Posts Tagged ‘Fossil Fuels’

July 22, 2011 | 2:03 pm

Spotlight: Germany’s nuclear exit will mean burning more fossil fuels

by Jarrett Adams

As Germany begins its trek toward shutting down its nuclear plants by 2022, it has to answer several questions about what effect this will have on the nation’s energy and environmental outlook. Some opponents to nuclear energy have stated that Germany’s plants, which until recently produced 24 percent of its electricity, will be picked up by expanding renewables. But, at least in the short term, much of this shortfall will be met by building new fossil fuel-fired plants.

In a recent piece, Guardian columnist George Monbiot wrote:

Germany’s promise to ditch nuclear power will produce an extra 40 million tonnes of carbon dioxide a year. In June Angela Merkel announced a possible doubling of the capacity of the coal and gas plants Germany will build in the next 10 years. Already Germany has been burning brown coal, one of the most polluting fuels on earth, to make up the shortfall.

In fact, the German chancellor has called for construction of 20 new fossil plants to replace the 17 nuclear plants until additional renewable capacity is available. According to Der Spiegel, a portion of funds originally directed for investment in renewables “has now been earmarked to subsidize the construction of new coal-fired power plants.”

Part of Germany’s solution will be to replace the electricity supplied by nuclear energy with renewable generation. We applaud the intent to build more renewable generation – AREVA has built six offshore wind turbines off the German coast and, with a production facility in Bremerhaven, working to developing many more. As these renewable sources cannot supply all of the power yet, the German energy demand will have to be supplemented through coal and natural gas. This increased dependence, mostly imported from Russia, has other drawbacks besides producing more greenhouse gas emissions.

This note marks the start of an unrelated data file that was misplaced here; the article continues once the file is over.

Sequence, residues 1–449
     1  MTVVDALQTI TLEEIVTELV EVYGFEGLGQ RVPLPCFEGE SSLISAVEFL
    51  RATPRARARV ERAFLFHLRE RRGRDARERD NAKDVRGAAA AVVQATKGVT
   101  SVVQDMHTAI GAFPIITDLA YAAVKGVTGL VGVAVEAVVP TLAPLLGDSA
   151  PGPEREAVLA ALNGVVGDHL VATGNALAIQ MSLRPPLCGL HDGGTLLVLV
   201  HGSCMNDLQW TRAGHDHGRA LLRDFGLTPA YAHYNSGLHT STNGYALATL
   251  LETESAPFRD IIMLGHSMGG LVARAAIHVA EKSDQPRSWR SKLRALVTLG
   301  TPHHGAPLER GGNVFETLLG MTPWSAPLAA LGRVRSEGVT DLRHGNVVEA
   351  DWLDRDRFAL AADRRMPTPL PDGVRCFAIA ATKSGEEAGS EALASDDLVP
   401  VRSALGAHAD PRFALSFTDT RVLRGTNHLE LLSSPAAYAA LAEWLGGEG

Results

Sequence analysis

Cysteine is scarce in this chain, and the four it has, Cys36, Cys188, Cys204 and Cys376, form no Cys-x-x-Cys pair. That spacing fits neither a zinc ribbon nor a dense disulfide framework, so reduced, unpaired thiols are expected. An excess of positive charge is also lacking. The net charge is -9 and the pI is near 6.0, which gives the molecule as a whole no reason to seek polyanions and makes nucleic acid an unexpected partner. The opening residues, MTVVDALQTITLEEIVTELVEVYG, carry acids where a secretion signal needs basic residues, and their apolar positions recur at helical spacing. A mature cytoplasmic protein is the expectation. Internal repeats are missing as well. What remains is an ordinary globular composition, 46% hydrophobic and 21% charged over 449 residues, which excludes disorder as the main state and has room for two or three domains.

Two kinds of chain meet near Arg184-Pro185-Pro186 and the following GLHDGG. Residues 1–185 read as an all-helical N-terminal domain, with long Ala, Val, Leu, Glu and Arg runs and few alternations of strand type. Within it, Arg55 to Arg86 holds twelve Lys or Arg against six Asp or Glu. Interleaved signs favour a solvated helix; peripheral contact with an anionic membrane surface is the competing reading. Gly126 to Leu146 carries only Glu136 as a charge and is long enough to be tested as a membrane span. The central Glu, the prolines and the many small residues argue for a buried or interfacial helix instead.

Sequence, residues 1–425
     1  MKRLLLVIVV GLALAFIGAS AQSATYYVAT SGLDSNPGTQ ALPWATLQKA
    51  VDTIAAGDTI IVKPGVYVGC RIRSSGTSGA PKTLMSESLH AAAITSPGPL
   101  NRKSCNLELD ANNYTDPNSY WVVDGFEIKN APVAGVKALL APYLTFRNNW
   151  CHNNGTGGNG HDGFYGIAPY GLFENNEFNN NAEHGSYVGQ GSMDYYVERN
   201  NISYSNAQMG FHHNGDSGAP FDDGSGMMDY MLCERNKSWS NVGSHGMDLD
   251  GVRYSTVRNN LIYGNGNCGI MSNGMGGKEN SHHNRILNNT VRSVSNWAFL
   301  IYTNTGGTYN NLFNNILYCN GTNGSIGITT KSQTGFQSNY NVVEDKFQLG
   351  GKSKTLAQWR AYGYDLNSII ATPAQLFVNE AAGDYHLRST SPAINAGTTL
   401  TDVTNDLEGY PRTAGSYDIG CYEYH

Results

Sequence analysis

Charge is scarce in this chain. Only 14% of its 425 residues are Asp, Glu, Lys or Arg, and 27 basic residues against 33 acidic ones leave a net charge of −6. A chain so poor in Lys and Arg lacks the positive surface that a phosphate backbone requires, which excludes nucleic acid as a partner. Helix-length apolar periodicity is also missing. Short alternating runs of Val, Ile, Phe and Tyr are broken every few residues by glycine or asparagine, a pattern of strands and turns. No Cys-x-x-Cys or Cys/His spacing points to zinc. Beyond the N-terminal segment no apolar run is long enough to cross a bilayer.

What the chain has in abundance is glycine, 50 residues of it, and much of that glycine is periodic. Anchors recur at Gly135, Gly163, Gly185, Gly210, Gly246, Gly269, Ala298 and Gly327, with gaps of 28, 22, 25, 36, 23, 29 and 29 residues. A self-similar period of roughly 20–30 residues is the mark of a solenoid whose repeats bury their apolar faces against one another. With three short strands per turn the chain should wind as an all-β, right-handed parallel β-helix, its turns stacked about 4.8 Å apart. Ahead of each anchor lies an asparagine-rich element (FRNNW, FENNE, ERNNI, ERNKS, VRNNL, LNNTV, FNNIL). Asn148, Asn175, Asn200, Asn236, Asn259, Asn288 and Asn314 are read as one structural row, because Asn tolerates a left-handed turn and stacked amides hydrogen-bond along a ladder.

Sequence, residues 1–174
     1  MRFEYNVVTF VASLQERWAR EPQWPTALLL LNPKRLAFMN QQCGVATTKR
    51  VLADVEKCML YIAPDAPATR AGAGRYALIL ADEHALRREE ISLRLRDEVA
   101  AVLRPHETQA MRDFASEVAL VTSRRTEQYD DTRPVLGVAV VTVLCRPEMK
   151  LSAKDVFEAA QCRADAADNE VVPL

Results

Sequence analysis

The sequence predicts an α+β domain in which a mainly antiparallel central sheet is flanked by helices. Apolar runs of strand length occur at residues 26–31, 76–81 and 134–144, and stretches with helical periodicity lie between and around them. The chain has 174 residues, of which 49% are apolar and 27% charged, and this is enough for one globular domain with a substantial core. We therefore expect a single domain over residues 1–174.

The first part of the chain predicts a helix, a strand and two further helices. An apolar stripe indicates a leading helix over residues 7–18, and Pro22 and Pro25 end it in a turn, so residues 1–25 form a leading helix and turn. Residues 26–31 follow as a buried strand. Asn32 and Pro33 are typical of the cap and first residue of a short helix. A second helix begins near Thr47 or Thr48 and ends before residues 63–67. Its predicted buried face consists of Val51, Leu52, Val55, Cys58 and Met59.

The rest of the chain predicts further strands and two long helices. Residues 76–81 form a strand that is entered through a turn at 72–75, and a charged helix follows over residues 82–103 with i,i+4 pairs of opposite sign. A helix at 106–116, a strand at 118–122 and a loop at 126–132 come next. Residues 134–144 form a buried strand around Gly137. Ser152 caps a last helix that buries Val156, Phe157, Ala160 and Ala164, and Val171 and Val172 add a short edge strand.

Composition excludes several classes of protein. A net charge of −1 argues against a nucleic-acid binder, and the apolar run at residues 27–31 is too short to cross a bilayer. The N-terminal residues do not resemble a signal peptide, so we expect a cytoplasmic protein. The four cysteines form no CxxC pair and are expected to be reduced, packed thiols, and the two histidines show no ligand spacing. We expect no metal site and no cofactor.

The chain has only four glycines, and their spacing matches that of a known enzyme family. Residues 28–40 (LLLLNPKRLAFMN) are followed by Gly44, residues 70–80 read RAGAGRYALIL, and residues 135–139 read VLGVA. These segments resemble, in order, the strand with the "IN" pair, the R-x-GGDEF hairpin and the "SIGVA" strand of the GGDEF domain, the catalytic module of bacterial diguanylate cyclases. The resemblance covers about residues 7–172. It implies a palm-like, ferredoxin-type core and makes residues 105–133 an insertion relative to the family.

Some recent articles have highlighted how Russian industry is positioning to help Germany with its transition away from nuclear energy, including the Voice of Russia. Last week an article plainly titled “Germany to renounce nuclear energy, Gazprom is ready to help,” detailed the new partnership between Gazprom and German utility RWE to build coal and gas fired plants in the country.

Blogger Rod Adams has written an interesting post on the Energy Collective examining Russia’s stake in the German nuclear phaseout.